Microsoft, which also provides CI services through its Azure Pipelines feature, also faced similar abuse last year. However, the company didn't want to deal with all the headaches, most of which originated from the free grants it was giving away to the open-source community. Instead, starting February, the company revoked the ability for open-source projects to receive free grants to run CI pipelines and told free users to use GitHub Actions instead, where the GitHub staff is investing more in detecting abuse.

After a request for comment sent last week, GitLab, the second-largest coding platform today after GitHub, also came forward and published a blog post on Monday detailing similar abuse of its CI offering and ways to deal with it going forward.

"To discourage and reduce abuse, starting May 17, 2021, GitLab will require new free users to provide a valid credit or debit card number in order to use shared runners on GitLab.com," the company said, hoping this measure will prevent future abuse.

GitLab says it won't charge users of its free tier but will use the payment card to verify the user's identity through a one-time one-dollar transaction.

However, due to its larger size, GitLab can (still) afford to keep its free CI offering available for its users. Unfortunately, other smaller CI providers can't. At the time of writing, both Sourcehut and TravisCI said they plan to stop offering their free CI tiers as a result of the constant abuse in decisions they took to protect their paying customers, who were seeing a degradation of service.

Not just CI providers

But these attacks haven't been limited to CI providers. If it is a web service that provides free access to a high-computing system, crypto-mining gangs have most likely tried to abuse it by now.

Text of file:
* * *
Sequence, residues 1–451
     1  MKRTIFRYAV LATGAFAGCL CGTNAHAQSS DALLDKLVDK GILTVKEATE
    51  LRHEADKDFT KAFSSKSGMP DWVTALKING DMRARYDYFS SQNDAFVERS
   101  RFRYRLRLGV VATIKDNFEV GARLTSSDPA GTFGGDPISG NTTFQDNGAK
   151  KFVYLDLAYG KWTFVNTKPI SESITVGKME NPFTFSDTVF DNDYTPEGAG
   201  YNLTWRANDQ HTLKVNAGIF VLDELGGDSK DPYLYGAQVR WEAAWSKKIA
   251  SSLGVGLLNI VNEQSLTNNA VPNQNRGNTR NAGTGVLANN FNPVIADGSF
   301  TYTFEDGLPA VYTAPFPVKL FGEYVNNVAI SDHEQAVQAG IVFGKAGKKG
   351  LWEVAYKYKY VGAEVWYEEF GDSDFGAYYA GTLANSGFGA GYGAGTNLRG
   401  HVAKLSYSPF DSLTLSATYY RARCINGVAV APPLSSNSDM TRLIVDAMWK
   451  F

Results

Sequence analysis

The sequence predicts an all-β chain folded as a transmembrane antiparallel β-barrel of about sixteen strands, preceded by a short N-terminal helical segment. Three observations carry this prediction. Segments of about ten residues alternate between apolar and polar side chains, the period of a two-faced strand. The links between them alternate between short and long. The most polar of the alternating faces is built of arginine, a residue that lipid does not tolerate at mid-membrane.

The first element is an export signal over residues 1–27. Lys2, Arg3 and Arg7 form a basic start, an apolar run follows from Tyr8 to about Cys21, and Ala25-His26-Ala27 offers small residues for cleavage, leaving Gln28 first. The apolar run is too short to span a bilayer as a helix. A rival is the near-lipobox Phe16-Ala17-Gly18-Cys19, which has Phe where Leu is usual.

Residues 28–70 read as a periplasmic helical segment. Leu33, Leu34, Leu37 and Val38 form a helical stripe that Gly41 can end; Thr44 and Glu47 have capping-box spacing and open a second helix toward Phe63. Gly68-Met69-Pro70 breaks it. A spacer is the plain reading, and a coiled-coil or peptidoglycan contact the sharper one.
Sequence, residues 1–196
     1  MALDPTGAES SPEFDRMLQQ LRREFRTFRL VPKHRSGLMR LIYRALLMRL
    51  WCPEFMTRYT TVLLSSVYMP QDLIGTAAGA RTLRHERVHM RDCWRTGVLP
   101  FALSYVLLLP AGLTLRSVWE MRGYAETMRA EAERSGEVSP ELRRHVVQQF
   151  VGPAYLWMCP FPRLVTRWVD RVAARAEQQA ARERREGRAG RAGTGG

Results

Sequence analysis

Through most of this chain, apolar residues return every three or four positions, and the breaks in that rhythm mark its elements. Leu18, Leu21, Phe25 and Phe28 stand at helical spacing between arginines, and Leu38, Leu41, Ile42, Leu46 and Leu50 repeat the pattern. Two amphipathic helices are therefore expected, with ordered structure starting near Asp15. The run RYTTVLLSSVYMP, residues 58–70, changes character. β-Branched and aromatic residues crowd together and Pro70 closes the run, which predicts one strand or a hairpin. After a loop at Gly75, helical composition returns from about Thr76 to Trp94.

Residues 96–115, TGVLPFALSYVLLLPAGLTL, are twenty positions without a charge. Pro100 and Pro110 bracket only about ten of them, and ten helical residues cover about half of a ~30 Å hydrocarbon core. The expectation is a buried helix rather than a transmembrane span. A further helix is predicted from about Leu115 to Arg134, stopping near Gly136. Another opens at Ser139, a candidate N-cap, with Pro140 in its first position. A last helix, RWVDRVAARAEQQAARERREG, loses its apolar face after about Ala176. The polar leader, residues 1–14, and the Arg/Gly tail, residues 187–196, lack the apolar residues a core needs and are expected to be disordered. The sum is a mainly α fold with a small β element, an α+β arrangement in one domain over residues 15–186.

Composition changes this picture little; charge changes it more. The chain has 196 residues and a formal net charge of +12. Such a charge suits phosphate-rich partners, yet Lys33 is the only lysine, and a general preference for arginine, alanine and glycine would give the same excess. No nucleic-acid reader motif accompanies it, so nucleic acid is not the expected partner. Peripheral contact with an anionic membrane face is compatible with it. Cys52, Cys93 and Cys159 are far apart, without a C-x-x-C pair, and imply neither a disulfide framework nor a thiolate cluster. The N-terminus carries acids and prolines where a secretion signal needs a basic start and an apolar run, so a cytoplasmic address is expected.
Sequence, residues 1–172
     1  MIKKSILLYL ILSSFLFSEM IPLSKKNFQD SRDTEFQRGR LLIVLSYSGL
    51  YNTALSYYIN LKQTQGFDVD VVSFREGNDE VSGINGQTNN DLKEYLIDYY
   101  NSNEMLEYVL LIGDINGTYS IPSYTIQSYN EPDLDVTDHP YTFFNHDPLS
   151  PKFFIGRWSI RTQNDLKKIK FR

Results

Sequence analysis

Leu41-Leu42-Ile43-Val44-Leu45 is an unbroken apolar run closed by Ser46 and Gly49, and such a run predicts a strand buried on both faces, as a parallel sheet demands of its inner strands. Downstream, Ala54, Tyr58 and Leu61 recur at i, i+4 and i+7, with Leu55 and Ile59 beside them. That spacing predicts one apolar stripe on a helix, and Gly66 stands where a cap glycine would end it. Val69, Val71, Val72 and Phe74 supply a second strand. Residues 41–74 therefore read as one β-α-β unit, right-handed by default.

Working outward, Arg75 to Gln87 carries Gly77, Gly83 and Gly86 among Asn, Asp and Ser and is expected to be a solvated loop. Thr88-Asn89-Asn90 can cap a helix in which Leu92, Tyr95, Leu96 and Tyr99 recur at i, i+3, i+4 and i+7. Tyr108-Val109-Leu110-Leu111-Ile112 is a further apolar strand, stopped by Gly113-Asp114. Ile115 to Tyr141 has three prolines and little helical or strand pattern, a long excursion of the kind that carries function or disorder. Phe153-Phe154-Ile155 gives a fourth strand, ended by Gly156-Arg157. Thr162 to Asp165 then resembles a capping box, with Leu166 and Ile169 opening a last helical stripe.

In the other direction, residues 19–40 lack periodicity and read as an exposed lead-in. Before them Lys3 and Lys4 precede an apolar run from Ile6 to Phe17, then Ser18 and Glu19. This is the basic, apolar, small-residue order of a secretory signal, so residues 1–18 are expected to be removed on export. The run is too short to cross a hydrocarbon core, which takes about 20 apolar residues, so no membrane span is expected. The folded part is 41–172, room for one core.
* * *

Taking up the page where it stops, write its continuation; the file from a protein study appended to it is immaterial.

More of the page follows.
Similar abuse has also been reported at website building service Render and at Kubernetes cluster hosting service Okteto, whose CEO, Ramiro Berrelleza, even gave a lightning talk at last year's eBPF conference on the topic.

Additionally, there are also many tutorials on some cryptocurrency forums that detail how someone could abuse the free trial period of Oracle Cloud or the cheap tiers of Alibaba Cloud to spin up a temporary cryptocurrency mining server for small one-time profits.

But while for service providers revoking free tier offerings might be a way to curtail the abuse they're seeing, this is not the optimal solution for lone developers using these offerings for their open-source projects.

An alternative solution, as proposed by Berrelleza, would be to deploy automated systems that detect and respond to this abuse. However, creating such systems requires resources that some companies might not be able to spare, nor will it guarantee that these systems work as intended.

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Catalin Cimpanu

Catalin Cimpanu is a cybersecurity reporter for The Record. He previously worked at ZDNet and Bleeping Computer, where he became a well-known name in the industry for his constant scoops on new vulnerabilities, cyberattacks, and law enforcement actions against hackers.